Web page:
Your sacred space should be comfortable, separate from the rest of your home and appeal to all your senses. Here are some easy tips to help create that special place.
Pick a spot you like
Your sacred space doesn't have to be a room; it can be your garden or balcony -- anywhere you feel comfortable. (If your garden is your sacred space, you may have to move it inside during the winter when it's too cold and uncomfortable.) And it doesn't have to be large; it can be just a small corner of your house, as long as it's free from distractions.
Make your space sacred to you
When designing your sacred space, remember that it's your space; it should be pleasant and relaxing for you -- don't worry about anyone else.
Calm your scent-ses
Fill the space with scents that you enjoy and that make you feel content. Chamomile, lavender, vanilla, jasmine and rose are all scents that most people find relaxing. Karl Lohnes, an interior designer and design advice columnist in Toronto, says it might be as easy as opening the window to let in fresh air or adding a bowl of fresh-scented lemons to the space.
Colour your mood
Colours can have a great impact on your mood, according to decorator Holly Dyment. “They can stimulate you, make you calm, make you happy or make you depressed,” she says. Muddy colours are more likely to bring you down. Green tints are associated with the calming and healing effects of nature. Blue is mentally relaxing and helps you to sleep. Lilacs have a spiritual connection and would fit well in a sacred space. Lohnes recommends “layering” the tones of a single colour you choose, some lighter, some darker. “This creates a monochromatic room. It makes it easier on the eye, so when you walk into the room nothing is jumping out at you.”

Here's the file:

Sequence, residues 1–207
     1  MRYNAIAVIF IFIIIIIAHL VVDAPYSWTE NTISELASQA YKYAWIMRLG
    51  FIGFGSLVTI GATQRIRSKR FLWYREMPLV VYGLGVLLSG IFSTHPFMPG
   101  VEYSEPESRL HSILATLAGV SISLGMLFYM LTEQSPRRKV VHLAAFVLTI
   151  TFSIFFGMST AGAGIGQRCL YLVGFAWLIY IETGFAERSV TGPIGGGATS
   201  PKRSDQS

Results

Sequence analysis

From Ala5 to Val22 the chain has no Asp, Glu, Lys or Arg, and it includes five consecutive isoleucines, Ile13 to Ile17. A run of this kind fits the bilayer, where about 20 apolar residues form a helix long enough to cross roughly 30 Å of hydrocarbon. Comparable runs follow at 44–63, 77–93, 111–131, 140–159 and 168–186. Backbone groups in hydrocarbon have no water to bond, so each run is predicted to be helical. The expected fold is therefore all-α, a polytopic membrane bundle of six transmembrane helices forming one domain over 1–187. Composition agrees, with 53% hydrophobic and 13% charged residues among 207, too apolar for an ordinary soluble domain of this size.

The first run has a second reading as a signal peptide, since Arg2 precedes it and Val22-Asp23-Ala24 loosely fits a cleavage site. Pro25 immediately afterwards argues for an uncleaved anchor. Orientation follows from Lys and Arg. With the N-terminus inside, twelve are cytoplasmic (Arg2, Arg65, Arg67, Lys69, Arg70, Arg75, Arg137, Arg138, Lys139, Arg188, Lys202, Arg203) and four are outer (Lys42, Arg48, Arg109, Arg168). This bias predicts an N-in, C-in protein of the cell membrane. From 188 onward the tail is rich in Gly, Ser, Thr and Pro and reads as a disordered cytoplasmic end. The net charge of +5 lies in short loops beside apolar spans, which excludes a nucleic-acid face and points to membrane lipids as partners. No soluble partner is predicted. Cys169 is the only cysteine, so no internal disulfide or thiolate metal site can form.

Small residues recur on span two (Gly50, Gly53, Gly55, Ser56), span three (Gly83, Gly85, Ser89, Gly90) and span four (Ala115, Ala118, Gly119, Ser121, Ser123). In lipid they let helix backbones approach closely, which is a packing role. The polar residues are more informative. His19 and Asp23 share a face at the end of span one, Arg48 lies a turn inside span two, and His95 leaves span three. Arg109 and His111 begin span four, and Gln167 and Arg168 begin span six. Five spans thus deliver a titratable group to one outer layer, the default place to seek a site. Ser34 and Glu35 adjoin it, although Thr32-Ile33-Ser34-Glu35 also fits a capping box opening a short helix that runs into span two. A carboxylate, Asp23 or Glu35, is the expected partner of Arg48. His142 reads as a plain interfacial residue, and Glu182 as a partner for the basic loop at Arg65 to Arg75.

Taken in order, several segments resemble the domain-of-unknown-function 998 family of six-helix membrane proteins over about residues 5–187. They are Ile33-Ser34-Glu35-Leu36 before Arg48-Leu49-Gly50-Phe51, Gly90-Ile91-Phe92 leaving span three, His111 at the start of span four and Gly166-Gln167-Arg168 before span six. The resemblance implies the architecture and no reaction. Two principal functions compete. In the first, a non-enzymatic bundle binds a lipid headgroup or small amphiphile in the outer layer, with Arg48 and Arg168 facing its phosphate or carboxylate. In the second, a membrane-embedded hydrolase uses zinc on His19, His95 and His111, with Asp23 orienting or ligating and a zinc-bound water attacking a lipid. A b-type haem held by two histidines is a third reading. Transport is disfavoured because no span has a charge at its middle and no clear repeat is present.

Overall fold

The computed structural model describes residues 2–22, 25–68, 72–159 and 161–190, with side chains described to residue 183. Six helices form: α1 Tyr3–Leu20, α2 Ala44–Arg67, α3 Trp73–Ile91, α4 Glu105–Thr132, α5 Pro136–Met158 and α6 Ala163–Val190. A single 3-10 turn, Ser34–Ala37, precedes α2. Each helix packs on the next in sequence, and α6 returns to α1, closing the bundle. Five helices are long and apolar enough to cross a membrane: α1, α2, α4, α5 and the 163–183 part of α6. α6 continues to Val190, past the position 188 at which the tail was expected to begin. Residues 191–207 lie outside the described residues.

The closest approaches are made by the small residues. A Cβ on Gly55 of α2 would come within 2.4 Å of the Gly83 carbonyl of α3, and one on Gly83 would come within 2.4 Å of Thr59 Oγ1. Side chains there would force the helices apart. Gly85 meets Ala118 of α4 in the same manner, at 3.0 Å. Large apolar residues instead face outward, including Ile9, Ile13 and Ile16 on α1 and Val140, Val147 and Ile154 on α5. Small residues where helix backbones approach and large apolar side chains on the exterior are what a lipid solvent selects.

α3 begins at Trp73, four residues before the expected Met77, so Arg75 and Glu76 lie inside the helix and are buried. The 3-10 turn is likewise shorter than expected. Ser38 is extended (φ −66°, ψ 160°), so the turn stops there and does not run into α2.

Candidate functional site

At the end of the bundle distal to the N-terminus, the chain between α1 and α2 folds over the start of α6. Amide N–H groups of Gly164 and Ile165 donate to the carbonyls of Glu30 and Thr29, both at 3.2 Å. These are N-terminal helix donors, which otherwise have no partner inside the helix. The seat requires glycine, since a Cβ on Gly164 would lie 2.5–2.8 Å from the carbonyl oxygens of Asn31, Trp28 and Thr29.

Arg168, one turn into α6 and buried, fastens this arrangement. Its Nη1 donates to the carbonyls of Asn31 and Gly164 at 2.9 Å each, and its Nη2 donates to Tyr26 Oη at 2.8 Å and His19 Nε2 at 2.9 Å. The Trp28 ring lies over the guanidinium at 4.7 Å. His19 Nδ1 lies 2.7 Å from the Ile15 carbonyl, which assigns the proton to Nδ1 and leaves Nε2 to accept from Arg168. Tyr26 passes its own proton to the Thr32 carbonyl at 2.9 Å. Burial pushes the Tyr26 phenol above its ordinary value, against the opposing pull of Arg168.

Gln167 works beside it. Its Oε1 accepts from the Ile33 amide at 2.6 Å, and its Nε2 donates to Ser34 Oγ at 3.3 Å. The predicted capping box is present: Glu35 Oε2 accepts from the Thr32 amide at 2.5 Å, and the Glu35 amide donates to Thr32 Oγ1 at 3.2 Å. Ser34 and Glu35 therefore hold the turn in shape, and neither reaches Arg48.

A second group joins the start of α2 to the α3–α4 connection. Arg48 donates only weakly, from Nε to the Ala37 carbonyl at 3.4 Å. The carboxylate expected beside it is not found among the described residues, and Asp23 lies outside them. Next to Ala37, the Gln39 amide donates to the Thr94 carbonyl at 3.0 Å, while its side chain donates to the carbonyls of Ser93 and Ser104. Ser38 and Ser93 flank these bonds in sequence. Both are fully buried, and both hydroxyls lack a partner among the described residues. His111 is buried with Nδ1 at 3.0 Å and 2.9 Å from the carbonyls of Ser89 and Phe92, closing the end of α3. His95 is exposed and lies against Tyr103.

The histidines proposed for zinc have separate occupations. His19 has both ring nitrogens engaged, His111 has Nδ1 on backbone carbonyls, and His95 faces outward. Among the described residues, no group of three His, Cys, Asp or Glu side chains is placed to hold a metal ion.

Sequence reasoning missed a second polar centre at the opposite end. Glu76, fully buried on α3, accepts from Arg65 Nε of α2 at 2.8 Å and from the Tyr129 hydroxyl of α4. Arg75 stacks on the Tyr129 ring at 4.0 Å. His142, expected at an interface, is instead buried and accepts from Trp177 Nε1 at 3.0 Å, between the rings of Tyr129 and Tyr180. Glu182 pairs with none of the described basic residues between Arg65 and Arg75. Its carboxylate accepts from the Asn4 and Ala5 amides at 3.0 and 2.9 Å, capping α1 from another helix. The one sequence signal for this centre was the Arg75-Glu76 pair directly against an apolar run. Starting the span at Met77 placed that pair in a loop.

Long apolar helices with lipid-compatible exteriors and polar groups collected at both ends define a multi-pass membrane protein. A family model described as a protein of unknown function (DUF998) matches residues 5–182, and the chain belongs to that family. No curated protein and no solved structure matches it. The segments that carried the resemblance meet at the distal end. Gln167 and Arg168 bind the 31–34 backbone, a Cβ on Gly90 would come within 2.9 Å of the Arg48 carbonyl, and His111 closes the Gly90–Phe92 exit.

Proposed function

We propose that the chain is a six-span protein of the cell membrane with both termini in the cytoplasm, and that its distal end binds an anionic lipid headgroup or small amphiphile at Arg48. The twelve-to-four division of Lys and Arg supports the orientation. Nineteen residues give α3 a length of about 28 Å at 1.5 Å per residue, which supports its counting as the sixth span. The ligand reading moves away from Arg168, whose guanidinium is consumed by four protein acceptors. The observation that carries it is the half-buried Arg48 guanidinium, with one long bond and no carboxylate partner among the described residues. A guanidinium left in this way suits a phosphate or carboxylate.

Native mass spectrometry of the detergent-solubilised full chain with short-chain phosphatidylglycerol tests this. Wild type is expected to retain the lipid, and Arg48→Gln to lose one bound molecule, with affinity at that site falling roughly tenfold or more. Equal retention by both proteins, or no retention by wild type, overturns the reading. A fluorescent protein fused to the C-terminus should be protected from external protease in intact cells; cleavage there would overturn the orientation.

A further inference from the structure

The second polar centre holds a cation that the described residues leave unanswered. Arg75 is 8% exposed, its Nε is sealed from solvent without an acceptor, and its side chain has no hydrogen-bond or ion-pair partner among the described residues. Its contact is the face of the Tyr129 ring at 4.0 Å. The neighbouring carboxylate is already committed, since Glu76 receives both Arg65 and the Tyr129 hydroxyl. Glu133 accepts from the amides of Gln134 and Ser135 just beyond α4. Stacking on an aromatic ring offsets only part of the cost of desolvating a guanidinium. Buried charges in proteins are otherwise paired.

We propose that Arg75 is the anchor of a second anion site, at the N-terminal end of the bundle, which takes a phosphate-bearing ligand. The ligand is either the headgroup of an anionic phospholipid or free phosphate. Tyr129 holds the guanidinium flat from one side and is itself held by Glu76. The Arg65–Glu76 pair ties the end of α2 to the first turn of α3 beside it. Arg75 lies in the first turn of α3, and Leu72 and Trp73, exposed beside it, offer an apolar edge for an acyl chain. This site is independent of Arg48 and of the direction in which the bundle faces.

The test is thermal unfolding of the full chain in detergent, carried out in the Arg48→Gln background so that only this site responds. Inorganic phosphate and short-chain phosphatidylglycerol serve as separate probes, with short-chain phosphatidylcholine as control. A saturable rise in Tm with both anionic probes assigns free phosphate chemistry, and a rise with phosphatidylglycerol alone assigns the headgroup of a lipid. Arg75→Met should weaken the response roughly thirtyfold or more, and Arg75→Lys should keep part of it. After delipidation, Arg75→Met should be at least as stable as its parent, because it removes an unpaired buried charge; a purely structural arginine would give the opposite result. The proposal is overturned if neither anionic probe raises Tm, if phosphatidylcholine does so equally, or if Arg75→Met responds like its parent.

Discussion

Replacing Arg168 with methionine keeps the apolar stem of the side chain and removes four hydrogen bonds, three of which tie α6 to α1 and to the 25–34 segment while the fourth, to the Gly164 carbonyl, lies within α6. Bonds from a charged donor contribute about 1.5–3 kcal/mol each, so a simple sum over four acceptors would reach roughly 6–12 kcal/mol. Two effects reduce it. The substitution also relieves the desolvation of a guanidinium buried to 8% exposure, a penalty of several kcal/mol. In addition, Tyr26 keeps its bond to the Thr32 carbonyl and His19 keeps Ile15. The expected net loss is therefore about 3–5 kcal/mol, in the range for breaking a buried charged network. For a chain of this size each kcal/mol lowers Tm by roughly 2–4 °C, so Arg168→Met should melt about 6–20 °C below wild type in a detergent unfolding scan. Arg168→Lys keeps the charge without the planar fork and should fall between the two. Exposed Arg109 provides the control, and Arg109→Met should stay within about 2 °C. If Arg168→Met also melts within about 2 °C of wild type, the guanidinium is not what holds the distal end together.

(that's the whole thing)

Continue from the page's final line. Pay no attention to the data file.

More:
A lot of people overlook the importance of sounds, says Lohnes. “They will be relaxing in their beautiful bathtub with the kids yelling in the background” instead of putting on some relaxing music. If you really can't visit your sacred space when the kids are asleep or playing with their friends, there are tricks you can try to tune out excess noise: add a thick underpadding to your carpet, for example, or put pillows around the border of the room to help absorb sound.
Keeping kids out
The best strategy is to make it unappealing to the kids. Give younger children a more exciting play area to discover. Older children should be mature enough to respect your space. Let them know when you want to be alone in your sacred area. Be sure there's someone in charge of the younger kids.
If your sacred space is a room with a window, get drapes that are the same colour as your walls “so they blend into the room and soften things around the windows,” says Lohnes. When the drapes are closed, it creates a cocoonlike effect. “The whole colour is enveloped around the room,”
Keep it low
Whether it's cushions, mats or beanbag chairs, keep all furnishings in your sacred space low to the ground. This will help maintain a serene environment. “Tall things in the room have vertical lines, which create energy going up and down,” says Lohnes, adding that this can impede your relaxation. Mirrors hung lower on the wall than usual could also enhance relaxation and reflection.
Make it your own
When creating a sacred space, be sure to include things that reflect who you are. But these items should also have a calming effect. If you're religious, you might want to include symbols that reflect your faith. You could also put in a photograph or painting of a nature scene that calms you. Many people find water relaxing, so a portable gurgling fountain might be just the addition. Not only does it create a soothing sound, but the refreshing, relaxing image of water might also wash away your troubles.